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B. L. Blackford

for four different values of v are shown.664 JOURNAL OF PHYSICAL OCEANOGRAPHY VOLUME8used to carry out a linear regression (from t = 0to t = 60 h) between the sinusoidal wind stresspulse and the resulting current amplitude, assuming only .one wind stress pulse in a 60 h interval.The analysis was done for each value of v and theresulting linear relationships were

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Paul A. Hwang and Edward J. Walsh

10°, the range of the linear regression slope is between 0.7 and 1.1, the rms difference is between 16 and 42°, and the correlation coefficient is better than 0.7 in 8 of the 9 datasets. The model performance may deteriorate considerably for hurricane data with close proximity to land (B26) and rapid change of hurricane translation direction or speed (H24). The analysis results show that waves in the front-right quarter propagate into the advancing wind field, and they can grow higher and longer

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Lonneke Goddijn-Murphy, David K. Woolf, and Adrian H. Callaghan

speeds and the detection of an apparent dependence on wind history, among other features. However, sea state was not measured and whitecap coverage was parameterized solely in terms of ship-board wind speed. The data can be divided into two overlapping groups: all W data points measured at wind speeds below 11.25 m s −1 and all W data points above 9.25 m s −1 . Applying a simple regression of W 1/3 versus wind speed, it was determined that the regression slope for the lower wind speeds is

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Georgia D. Kalantzi, Christine Gommenginger, and Meric Srokosz

opportunities for investigating the model’s behavior under different wind and wave conditions, the model has, unfortunately, yet to be officially released, and no results with the new version are therefore included in this analysis. Section 5 is dedicated to the methodology, including the descriptions of the north Indian Ocean study area and the local monsoon cycle, the model and altimeter datasets used, the collocation technique, and the manner with which the datasets were analyzed and compared. Section

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Warren B. White and Jeffrey L. Annis

meridional components of geostrophic flow at the sea surface. We utilize mean geostrophic flow computed from the surface geopotential anomaly (0/2000 m) based on the historical hydrographic dataset compiled at the National Oceanographic Data Center (NODC) by Levitus et al. (1994) and Levitus and Boyer (1994) . Prior to analysis, we interpolated the SST and atmospheric data onto the 1° latitude by 1° longitude grid of the SLH data, centered at the middle of each month. Next, we computed long

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Stuart D. Smith

715 Rotation 0 about a vertical yaw axis would causespurious horizontal crosswind fluctuations us' = Usin0, while u~'= U(1- cos0) is very small forreasonable values of 0 = 10-15-. The effect onmeasured fluxes should therefore be minimal. Pond(1968) has shown that pitching of an anemometersupport by a few degrees also causes negligible fluxerrors. However, if pitch and yaw motions of theplatform are coupled, then much larger flux errorscan result. Our data analysis procedure correctsu~ua for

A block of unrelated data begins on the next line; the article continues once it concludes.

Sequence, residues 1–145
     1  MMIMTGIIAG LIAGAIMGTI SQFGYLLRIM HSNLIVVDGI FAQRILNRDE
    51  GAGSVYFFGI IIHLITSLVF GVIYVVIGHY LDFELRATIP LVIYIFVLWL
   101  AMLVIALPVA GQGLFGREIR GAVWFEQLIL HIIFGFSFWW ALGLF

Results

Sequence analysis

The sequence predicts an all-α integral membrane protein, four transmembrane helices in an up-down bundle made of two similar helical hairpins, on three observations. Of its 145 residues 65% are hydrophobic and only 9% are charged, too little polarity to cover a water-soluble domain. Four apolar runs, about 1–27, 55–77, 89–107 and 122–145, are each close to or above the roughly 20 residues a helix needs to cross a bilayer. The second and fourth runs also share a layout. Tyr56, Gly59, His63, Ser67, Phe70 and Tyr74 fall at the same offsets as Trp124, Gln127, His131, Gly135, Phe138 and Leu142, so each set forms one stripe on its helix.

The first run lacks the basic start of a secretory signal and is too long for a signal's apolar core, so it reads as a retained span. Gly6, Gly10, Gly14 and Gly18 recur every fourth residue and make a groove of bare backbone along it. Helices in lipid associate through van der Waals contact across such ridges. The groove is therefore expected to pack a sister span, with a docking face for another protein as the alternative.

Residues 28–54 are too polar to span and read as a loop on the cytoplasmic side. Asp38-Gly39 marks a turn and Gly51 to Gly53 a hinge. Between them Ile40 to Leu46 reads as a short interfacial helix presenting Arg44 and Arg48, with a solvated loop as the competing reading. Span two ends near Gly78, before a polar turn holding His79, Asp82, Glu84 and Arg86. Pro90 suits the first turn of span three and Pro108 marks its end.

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Odin Gramstad, Elzbieta Bitner-Gregersen, Karsten Trulsen, and José Carlos Nieto Borge

waves, he showed that such a system is unstable for crossing angles 0° < θ < 70.5° and 136.1° < θ ≤ 180°. Based on this result it was suggested by Onorato et al. (2006) that more rogue waves may be expected in crossing sea states with crossing angles smaller than about 70°. Similar analysis was presented also in Onorato et al. (2010) , who, based on the growth rate and amplification factor of an Akhmediev breather solution, suggested that a maximum amount of rogue waves could be expected for

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Alejandra Sanchez-Franks, Sultan Hameed, and Robert E. Wilson

plankton distributions. The analysis presented in this paper is based on the GSNW index of Taylor and Stephens (1980 , 1998 ). This index has been used in studies of plankton abundance in the eastern North Atlantic, the North Sea ( Taylor 1995 ; Planque and Taylor 1998 ), Narragansett Bay ( Borkman and Smayda 2009 ), and lakes in Ireland ( Jennings and Allott 2006 ). From current measurements in the slope sea, Bane et al. (1988) found the southwestward shelfbreak current is stronger when the Gulf

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Gregory C. Johnson, Eric Kunze, Kristene E. McTaggart, and Dennis W. Moore

scientific parties of the many scientific programs involved in collecting deep CTD data in the equatorial Pacific. Conversations with Eric D'Asaro, William Kessler, LuAnne Thompson (as usual), and Mike Wallace were useful. Comments from Eric Firing and two anonymous reviewers improved the manuscript. REFERENCES Cleveland , W. S. , and S. J. Devlin , 1988 : Locally weighted regression: An approach to regression analysis by local fitting. J. Amer. Stat. Assoc. , 83 , 596 – 610 . Dengler , M

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Michael M. Whitney and Richard W. Garvine

demand tidal information along all open boundaries, as in the shelf tidal modeling efforts of Han (2000) . The inverse tidal model does not provide reliable results along the across-shelf boundaries because TOPEX/Poseidon altimetry does not perform well over shallow waters. To create tidal information for the across-shelf open boundary conditions, a tidal simulation over a much longer domain (with lower resolution and no estuary) was executed prior to the standard runs. Harmonic analysis of these

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